Carolyn Munro of Carolyn Munro Design + Build says high-end appliances from Europe are one of several product lines to become problematic. “The wait is two years for some of them. Normally, it takes four to six weeks. So, some clients are just keeping their old appliances until the new ones are ready.”

Also hamstringing the already-disrupted supply line: Homeowners doing their own improvement projects while stuck at home. Canadian media have reported on the trend — even blaming a dumpster shortage in Edmonton in part on busy DIYers — and the U.S. Census Bureau said in July that building materials suppliers and others were seeing a year-over-year sales increase of more than 22 per cent.

Hunger for renovations

At the same time, there is a pent-up demand for renovations.


Like many other local renovators, Emma Doucet of Grassroots Design+Build saw business screech to a halt in April. Now, she says, “we’re inundated with inquiries. My theory is that this is Ottawa, and most people are still employed. They know they’re not going to be travelling for a while, they’re in the house more and they’re getting irritated by the house. So, they want a renovation.”

With projects booked to the end of the year, Doucet says she is “cautiously optimistic” about the future.

Renovators are finding fresh ways to communicate safely with eager clients. Zoom sessions are common and outdoor meetings are a possibility, at least while the weather is warm.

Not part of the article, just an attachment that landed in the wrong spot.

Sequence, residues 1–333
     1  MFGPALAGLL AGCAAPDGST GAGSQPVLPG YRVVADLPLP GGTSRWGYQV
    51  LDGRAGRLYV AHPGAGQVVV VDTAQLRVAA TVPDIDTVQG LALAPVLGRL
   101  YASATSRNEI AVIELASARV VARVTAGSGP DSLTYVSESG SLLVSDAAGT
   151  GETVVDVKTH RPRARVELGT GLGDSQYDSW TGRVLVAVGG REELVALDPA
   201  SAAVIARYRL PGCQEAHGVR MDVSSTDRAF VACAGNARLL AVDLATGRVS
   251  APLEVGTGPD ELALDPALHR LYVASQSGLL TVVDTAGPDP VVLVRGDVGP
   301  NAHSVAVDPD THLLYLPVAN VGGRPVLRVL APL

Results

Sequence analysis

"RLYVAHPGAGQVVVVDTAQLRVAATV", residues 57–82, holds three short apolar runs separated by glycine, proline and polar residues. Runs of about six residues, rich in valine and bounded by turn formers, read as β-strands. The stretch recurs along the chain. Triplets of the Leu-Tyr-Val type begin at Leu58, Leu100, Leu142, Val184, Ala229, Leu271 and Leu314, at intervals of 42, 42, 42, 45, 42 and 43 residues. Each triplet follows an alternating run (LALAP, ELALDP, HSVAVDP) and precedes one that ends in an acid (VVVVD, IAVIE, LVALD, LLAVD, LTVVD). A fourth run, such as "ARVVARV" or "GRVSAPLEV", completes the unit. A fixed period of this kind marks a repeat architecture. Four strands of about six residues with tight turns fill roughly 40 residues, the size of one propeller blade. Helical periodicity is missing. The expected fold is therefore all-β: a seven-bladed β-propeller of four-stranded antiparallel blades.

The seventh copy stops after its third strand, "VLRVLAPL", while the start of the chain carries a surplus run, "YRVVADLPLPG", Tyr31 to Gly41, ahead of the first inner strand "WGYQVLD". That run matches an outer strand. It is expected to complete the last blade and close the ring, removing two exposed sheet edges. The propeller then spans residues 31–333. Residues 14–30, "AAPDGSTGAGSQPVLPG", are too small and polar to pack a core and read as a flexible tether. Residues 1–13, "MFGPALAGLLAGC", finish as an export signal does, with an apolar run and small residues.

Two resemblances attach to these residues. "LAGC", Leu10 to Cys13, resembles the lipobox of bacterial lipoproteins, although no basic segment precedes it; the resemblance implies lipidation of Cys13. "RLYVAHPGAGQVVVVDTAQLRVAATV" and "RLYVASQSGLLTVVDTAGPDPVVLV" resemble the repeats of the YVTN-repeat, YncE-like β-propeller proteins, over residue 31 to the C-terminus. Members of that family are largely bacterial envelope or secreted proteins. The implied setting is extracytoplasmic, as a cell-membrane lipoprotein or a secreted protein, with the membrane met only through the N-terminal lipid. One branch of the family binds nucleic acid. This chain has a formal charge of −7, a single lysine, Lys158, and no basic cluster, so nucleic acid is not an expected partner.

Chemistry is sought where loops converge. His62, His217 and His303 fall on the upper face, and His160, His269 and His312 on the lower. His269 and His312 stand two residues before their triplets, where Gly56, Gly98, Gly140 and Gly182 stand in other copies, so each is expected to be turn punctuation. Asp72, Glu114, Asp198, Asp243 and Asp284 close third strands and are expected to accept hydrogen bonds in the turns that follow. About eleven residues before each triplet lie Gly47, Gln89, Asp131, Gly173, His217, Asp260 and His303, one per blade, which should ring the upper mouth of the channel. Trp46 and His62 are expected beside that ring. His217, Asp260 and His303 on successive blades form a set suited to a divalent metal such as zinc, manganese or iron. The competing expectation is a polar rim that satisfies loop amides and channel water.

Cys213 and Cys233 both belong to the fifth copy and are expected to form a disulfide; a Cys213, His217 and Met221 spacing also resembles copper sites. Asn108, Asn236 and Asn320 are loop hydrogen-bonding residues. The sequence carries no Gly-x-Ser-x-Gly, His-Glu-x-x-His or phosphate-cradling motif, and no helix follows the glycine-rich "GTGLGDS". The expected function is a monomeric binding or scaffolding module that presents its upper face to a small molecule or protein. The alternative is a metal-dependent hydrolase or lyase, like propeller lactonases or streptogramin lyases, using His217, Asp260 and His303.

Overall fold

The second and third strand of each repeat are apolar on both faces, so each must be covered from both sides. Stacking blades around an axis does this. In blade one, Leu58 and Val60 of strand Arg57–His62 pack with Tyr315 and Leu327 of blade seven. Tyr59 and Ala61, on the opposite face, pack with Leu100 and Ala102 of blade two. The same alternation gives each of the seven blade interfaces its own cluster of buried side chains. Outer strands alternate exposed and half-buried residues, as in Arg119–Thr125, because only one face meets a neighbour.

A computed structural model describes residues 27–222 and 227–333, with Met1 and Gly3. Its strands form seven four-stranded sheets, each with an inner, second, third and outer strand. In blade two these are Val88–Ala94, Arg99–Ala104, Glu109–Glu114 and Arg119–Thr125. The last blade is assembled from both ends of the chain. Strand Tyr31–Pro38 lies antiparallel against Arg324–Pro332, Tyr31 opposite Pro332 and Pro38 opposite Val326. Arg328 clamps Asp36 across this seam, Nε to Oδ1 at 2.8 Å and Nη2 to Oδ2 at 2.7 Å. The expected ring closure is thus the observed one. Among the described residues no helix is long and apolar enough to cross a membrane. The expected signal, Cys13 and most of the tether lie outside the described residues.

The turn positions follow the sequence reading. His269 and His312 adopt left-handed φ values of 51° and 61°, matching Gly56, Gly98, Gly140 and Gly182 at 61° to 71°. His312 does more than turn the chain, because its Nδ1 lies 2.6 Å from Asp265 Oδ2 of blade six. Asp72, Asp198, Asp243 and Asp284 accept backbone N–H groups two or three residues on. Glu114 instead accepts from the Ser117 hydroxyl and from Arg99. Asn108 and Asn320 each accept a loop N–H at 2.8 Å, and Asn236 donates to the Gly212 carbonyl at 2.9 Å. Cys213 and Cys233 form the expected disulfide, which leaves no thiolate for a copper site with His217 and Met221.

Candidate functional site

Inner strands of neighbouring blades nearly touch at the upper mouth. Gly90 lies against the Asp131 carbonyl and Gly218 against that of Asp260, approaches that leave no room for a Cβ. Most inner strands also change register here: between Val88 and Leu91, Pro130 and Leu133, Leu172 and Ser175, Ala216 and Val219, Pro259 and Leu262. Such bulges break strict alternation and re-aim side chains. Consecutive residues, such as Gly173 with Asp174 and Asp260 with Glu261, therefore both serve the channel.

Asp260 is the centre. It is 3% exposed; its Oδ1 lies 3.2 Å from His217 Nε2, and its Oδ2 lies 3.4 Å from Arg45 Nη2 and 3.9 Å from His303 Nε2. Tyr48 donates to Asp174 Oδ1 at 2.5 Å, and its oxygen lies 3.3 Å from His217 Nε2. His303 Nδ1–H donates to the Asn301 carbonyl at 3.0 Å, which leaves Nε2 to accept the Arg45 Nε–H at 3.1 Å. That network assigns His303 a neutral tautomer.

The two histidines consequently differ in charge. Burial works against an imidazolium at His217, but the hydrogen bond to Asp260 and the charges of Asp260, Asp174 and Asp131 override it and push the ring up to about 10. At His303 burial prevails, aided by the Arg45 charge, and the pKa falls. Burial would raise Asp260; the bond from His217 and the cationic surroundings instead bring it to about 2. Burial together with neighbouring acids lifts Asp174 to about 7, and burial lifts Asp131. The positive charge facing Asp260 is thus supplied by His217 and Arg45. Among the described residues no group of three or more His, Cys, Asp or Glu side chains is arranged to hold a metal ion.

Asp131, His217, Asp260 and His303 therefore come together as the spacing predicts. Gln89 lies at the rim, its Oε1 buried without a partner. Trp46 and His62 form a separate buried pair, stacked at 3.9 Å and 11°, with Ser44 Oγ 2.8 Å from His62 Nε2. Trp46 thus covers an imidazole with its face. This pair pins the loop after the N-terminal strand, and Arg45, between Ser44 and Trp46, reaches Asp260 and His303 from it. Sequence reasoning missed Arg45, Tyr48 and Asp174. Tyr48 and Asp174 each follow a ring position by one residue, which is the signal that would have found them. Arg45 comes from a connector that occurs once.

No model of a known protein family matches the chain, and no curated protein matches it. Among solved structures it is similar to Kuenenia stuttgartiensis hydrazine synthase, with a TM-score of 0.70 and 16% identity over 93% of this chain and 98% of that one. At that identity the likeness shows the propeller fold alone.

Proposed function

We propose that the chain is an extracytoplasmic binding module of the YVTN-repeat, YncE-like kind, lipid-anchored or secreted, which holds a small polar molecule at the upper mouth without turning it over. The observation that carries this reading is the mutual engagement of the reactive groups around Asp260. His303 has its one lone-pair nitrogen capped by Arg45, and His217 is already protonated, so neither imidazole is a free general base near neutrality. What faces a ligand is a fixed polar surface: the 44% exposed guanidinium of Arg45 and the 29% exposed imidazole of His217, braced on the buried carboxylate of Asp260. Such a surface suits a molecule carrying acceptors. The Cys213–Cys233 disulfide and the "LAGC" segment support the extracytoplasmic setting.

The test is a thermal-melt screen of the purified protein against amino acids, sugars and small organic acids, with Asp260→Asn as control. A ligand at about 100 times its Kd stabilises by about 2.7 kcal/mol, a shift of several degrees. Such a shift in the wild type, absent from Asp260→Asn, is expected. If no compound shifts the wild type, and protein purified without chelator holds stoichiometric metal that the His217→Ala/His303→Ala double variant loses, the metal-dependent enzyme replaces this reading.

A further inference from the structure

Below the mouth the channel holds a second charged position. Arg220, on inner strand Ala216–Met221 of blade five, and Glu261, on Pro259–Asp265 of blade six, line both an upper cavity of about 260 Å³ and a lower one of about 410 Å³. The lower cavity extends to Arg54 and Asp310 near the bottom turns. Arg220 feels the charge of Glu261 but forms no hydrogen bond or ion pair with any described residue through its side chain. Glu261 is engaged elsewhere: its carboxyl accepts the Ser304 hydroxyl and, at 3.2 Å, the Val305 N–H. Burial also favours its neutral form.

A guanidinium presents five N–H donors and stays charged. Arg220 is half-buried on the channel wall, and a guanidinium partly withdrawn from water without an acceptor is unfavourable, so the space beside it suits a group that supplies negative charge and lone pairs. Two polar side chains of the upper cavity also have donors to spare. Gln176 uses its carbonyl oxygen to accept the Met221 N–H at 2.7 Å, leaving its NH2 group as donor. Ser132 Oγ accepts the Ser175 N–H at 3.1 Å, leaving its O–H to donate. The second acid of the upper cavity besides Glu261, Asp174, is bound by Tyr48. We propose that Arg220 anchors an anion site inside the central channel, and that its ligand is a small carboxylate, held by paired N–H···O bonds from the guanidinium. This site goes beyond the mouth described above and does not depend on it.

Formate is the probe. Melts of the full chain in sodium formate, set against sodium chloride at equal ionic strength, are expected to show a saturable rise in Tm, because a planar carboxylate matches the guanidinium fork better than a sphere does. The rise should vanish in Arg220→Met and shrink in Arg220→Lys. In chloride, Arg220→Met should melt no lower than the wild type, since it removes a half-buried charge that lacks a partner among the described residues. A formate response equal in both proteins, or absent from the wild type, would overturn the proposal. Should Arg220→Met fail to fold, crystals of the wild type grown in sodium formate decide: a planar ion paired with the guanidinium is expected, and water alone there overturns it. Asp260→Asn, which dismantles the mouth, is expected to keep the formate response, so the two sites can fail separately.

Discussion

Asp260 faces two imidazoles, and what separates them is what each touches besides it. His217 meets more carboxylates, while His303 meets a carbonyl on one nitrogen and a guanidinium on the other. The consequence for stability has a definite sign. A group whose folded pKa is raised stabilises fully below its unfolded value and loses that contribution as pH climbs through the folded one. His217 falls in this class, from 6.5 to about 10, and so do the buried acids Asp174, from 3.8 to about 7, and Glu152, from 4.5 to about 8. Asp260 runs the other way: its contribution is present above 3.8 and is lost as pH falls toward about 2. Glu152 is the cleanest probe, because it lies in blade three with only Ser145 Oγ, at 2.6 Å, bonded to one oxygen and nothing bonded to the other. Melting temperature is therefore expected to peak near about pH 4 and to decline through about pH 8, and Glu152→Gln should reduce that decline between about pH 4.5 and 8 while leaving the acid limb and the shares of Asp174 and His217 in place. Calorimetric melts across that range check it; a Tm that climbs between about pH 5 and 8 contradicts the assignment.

OakWood, which has seen earlier supply problems dissipate and anticipates having a good year, continues to operate its design centre in Orléans.

“We are encouraging (clients) to meet with us at our design centre for the first meeting while providing photos of their home instead of us meeting in their home,” says Patricia Liptak-Satov, vice-president of operations. “The OakWood building is a locked facility with a full-time cleaner, and it is a large open space, which allows for the team to physically distance.”

What does it all mean for homeowners eager to renovate? Some higher costs, later start and finish dates, and new work site and communication protocols can all be expected as the pandemic grinds on.


With that in mind, Herb Lagois of Lagois Design·Build·Renovate counsels homeowners to “Be patient, take the proper time needed to make decisions, make sure the company’s process is a fit for you. With many of us working from home, there might be new-found frustrations with our homes, yet there is something to be said about taking the time needed to plan for the success of your remodel.”

Originally published in Ottawa Renovates. 

About the Author

Patrick Langston All Things Home Ottawa homes

Patrick Langston

Patrick Langston is the co-founder of All Things Home Inc. and a veteran journalist. He has written widely about the Ottawa housing industry since 2008.